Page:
If you’re among the 18 percent of Americans who have a generalized anxiety disorder (GAD), your brain may have problems controlling your reaction to negative emotions, according to findings from a Stanford University School of Medicine study published in the American Journal of Psychiatry.

In general, anxiety is a coping mechanism that’s a normal response to stress. When it becomes excessive in reaction to routine, daily life experiences, however, mental health experts classify it as a disorder.

GAD is one of five major kinds of anxiety disorders. People who have it are chronically anxious and can’t stop worrying even about minor concerns. In addition, they experience physical symptoms such as fatigue, headaches, muscle tension, muscle aches, difficulty swallowing, trembling, twitching, irritability, sweating and hot flashes.

“Patients experience anxiety and worry, and [they] respond excessively to emotionally negative stimuli, but it’s never been clear really why,” said Amit Etkin, MD, PhD, an acting assistant professor of psychiatry and behavioral sciences, and the study’s first author.

For the study, researchers examined brain scans of 17 people with GAD and 24 people without the disorder.

The study’s findings suggested that there were differences in how the participants’ brains responded in certain situations.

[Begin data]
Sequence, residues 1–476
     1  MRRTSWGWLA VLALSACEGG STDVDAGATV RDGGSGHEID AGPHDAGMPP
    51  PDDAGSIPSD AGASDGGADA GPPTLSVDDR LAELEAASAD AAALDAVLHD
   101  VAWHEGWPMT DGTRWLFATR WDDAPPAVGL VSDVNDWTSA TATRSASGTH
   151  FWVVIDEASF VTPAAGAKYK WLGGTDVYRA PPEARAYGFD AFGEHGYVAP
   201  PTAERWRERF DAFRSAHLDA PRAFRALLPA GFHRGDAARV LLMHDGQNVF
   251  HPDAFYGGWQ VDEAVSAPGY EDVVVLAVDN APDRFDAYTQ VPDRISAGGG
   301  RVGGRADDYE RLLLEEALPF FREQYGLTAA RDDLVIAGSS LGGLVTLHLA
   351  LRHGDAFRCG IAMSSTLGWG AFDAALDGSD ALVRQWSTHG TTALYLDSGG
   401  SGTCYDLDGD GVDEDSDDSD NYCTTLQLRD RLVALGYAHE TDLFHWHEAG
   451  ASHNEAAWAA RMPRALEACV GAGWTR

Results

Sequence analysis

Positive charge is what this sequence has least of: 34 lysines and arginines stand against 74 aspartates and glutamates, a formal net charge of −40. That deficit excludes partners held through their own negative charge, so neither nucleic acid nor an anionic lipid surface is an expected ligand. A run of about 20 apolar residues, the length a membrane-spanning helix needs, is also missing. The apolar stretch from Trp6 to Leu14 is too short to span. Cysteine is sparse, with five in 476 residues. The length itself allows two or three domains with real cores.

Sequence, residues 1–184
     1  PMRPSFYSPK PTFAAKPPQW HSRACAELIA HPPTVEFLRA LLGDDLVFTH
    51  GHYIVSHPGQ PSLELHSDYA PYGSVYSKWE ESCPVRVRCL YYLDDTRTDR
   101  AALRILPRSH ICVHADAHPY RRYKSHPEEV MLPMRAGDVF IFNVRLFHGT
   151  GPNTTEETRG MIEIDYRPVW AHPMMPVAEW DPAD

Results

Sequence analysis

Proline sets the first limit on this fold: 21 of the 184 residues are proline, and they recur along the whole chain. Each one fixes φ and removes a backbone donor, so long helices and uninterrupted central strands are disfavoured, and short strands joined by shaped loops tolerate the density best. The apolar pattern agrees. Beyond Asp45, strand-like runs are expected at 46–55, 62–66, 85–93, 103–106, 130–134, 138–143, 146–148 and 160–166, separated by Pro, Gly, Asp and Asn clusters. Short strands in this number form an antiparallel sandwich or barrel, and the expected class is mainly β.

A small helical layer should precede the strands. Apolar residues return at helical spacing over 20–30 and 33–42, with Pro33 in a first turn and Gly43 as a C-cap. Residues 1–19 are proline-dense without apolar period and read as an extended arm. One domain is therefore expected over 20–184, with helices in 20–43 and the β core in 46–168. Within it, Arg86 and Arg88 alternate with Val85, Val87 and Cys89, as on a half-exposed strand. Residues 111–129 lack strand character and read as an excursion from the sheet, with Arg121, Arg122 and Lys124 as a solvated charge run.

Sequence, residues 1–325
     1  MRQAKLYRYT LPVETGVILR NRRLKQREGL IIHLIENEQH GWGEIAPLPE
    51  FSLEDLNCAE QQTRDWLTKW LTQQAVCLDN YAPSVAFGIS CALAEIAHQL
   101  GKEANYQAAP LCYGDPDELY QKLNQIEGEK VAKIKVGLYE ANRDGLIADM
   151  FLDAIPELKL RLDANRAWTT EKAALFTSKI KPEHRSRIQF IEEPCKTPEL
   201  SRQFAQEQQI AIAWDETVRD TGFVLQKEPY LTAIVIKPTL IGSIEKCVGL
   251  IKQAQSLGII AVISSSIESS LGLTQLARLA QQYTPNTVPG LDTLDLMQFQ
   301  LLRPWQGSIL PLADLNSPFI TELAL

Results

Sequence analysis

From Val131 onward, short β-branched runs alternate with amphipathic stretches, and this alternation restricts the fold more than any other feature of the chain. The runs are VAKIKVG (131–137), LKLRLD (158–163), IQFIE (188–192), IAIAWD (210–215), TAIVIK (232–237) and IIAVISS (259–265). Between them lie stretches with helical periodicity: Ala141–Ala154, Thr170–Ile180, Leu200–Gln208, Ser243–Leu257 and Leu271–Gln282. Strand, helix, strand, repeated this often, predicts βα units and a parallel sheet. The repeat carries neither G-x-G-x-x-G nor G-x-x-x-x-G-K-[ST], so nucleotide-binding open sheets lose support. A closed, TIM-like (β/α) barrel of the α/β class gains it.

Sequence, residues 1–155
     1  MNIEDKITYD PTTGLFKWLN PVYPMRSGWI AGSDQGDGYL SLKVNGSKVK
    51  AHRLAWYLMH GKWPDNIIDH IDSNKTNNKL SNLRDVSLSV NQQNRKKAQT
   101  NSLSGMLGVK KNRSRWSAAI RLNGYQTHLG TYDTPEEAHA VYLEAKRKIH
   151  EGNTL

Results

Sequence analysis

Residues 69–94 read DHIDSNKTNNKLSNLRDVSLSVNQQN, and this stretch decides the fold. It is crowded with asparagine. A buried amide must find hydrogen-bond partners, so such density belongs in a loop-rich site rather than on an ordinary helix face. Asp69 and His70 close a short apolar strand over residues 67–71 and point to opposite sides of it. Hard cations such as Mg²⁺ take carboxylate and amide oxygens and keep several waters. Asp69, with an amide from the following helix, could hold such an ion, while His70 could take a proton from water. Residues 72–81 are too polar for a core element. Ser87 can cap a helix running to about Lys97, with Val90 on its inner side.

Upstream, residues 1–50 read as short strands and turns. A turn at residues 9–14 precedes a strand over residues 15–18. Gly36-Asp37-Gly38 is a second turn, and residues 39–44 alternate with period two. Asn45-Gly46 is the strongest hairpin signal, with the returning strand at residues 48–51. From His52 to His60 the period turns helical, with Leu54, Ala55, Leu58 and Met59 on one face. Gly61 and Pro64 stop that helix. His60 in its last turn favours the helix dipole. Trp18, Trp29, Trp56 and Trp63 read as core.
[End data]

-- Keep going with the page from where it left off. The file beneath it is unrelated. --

In particular, Etkin cited a difference in the two groups’ reaction time in an emotion-based task. Researchers showed participants images of people with fearful or happy expressions. The word “fear” or “happy” was printed over the image, but not all of the words matched the image—for example, a happy face overlaid with the word “fear.” This juxtaposition, according to the Stanford team, created an emotional conflict for the participants. To measure the conflict, researchers asked participants to identify the emotion on the faces by pushing a corresponding button.

By just looking at reaction times in pushing the buttons, Etkin said, researchers could classify who had the GAD disorder.

Researchers said that the part of the brain used to perform this activity—the prefrontal cortex—exhibited abnormalities in those who had GAD compared with those who didn’t.

In the future, the study’s findings may help mental health professionals better understand the biology of psychopathology and how people react to psychotherapy, said Alan Schatzberg, MD, chair of psychiatry and behavioral sciences at Stanford University, and the study’s senior author.

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